Oxford, Oxford University Press, 2015, ISBN: 9780198745907; 400pp.; Price: £30.00
Bath Spa University
Date accessed: 23 May, 2019
Few authors are as well qualified as Paul Rouse to attempt this ambitious undertaking, the first scholarly overview of the history of sport in Ireland during the last millennium. Rouse has previously contributed numerous articles on various aspects of sport in Ireland in the late 19th and early 20th centuries, particularly on the history of the Gaelic Athletic Association (GAA), including as contributing editor of an important collection of essays on this most influential sporting organisation in modern Ireland.(1) In addition to his writings on the history of the GAA, Rouse’s role as a founding member and stalwart of Sports History Ireland, a society dedicated to the scholarly study of Irish sports history, means that he has built up a formidable knowledge of this once-neglected field of study. The end result of his research is a treat for both specialists and non-specialists alike: the former will find in this book plenty to provoke and illuminate, whilst the latter will find that this is a well-written, accessible introduction to the subject. No reader who wishes to understand the broad trajectory of sport in Ireland in the period under study can afford to ignore this important book.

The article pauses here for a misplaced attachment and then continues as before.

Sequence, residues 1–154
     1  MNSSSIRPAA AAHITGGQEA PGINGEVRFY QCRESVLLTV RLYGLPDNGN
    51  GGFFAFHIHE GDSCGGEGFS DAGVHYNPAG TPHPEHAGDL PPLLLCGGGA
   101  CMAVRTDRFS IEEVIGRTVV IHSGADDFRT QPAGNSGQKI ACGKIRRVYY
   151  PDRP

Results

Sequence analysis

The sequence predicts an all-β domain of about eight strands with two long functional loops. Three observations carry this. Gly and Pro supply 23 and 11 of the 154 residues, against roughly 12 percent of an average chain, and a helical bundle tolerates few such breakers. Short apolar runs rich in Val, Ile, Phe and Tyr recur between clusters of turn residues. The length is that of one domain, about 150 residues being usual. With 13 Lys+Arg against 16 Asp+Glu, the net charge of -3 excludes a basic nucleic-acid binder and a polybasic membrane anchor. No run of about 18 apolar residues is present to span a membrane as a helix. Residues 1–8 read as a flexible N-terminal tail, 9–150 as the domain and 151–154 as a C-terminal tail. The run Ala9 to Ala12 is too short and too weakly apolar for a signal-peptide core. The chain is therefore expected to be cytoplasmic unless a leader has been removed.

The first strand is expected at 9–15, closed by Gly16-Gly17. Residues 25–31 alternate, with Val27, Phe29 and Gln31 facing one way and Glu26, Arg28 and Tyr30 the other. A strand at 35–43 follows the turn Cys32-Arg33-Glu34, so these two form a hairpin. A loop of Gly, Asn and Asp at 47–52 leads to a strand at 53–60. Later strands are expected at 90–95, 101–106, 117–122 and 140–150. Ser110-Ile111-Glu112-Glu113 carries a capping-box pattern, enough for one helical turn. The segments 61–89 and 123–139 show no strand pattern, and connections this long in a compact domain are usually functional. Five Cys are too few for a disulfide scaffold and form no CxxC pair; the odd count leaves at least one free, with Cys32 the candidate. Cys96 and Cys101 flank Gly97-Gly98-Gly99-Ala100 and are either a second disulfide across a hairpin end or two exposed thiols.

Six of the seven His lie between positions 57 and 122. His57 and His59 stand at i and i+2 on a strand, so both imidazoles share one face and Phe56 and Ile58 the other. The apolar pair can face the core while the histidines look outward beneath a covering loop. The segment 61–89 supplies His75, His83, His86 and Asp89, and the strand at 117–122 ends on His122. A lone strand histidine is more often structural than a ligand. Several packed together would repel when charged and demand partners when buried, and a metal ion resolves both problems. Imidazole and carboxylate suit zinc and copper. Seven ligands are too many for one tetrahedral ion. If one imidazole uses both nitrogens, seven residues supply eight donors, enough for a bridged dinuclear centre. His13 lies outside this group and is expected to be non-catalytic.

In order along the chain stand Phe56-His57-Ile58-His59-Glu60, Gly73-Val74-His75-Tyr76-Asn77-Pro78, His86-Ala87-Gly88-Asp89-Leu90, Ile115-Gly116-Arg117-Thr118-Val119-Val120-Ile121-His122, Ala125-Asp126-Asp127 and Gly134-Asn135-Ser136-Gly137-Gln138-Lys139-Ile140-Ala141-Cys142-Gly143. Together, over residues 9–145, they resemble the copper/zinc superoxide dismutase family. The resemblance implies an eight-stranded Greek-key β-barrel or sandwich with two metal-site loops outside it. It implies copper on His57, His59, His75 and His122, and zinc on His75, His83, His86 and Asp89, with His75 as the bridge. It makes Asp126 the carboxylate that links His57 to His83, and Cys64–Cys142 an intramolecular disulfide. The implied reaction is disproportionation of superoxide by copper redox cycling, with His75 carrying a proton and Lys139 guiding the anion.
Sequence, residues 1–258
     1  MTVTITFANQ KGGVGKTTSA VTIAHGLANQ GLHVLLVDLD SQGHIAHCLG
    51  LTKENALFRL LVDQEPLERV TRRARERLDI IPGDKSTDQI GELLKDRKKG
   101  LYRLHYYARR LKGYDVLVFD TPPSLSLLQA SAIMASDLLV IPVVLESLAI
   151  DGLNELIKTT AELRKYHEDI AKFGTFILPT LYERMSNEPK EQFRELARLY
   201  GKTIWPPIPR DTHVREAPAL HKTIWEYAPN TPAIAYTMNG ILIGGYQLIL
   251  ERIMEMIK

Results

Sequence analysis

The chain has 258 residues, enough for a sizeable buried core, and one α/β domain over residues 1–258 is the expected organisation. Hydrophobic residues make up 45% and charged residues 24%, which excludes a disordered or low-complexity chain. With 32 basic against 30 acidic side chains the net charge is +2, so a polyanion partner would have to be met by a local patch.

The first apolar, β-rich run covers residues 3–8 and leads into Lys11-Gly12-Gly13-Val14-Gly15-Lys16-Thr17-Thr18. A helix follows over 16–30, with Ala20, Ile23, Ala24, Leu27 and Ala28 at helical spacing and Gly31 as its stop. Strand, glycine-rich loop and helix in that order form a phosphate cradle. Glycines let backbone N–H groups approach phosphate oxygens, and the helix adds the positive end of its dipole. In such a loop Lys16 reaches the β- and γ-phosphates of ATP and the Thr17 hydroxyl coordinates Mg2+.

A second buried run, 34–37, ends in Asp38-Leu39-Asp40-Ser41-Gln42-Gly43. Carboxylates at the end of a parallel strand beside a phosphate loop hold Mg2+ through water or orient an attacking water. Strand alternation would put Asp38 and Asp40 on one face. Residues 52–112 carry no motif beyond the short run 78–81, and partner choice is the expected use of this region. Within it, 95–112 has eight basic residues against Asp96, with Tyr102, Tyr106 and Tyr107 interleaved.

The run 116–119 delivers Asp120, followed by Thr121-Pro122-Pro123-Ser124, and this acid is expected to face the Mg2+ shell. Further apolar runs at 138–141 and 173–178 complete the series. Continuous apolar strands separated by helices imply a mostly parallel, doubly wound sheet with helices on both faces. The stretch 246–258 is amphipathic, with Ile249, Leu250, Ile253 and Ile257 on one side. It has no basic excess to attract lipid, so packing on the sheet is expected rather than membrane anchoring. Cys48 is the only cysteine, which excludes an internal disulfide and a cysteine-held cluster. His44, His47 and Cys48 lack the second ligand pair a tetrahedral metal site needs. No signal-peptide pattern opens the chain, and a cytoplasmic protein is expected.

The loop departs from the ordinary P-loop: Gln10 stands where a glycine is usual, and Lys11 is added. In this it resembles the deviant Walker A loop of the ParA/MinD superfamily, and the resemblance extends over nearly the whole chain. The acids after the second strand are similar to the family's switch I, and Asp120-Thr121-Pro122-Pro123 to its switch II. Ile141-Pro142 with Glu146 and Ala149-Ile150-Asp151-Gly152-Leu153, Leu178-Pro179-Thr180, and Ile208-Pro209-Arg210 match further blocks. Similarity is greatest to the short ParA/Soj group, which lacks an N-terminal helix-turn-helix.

Two main ideas run throughout the book: first, that over the centuries, a number of distinctive features emerged in how the Irish participated in sport, although, as Rouse shows, not all sports played in Ireland were either uniquely or distinctively Irish; second, that in many ways the Irish love of sport was simply part of a much wider human phenomenon, as ‘A primal passion for play underpins any understanding of the origins and development of the modern sporting world’ (p. 1). In the book’s first main chapter, ‘Sport before 1800’, Rouse examines the main types of sports activity in Ireland in the medieval and early modern periods. His assessment of hurling in the medieval period is the first of numerous examples of myth-busting that pepper his book. In this instance, he offers a nuanced critique of the idea of a continuity between the sport, ostensibly ‘hurling’, that was played in pre-medieval and medieval Ireland, and the version of hurling that the GAA promoted from the 1880s and that was used as part of the latter organisation’s romantic nationalist agenda of proving the antiquity of its sports. Although, as Rouse points out, the patchy nature of the primary source material means that many features of Irish sport in the medieval and early modern period will remain conjectural, in this chapter he still succeeds in describing a wide range of sports that were played in Ireland in the centuries before 1800. He makes skilled use of the Irish Historical Towns Atlas series to illustrate the role of sport in various urban areas of Ireland between 1500 and 1800, mining historical maps to show the presence of such features of the urban landscape as bullrings for bull-baiting and cockpits for cock-fighting, as well as numerous tennis courts, ball alleys and bowling greens. Horse racing also features in this section of the book, but not in as much detail as in James Kelly’s recent study of sport in early modern Ireland (2); given the broader temporal sweep of Rouse’s work, however, this is probably to be expected. Like Kelly, Rouse stresses the growing importance of the associational element in Irish sport in the 18th century, but stresses that this was a process that was only in its early stages by the century’s end: as he shows, the sports club took centre stage in the decades after the Great Famine, transforming the nature of Irish sport in the process. Rouse’s account of sport in the pre-1800 era is probably strongest when examining demotic sports such as hurling. He takes issue with scholars such as Kelly who argue that ‘commons’, played in the north of the country, should be seen as a totally different sport to the hurling that was played elsewhere. This is a debate that is likely to continue, and is possibly impossible to resolve, given the ambiguity of key descriptive terms used by contemporary observers: as Rouse notes, ‘The words hurley, hurling, commons, camán, and shinty appear to have been used interchangeably in a variety of sources, further complicating the situation’ (p. 77). Hurling’s widespread popularity comes across clearly in Rouse’s account, a popularity that was not confined to the rural lower orders, as shown by the gentry’s frequent patronage of the sport. The excitement generated by hurling – which is later evoked with great skill in Rouse’s account of the GAA’s promotion of the sport in the late 19th century – is illustrated by evidence from ‘Carrigmenan’, a poem written in 1779 by a Wexford man, Robert Devereaux. Devereaux records ‘a scene that remains undimmed’ when a winning goal is scored: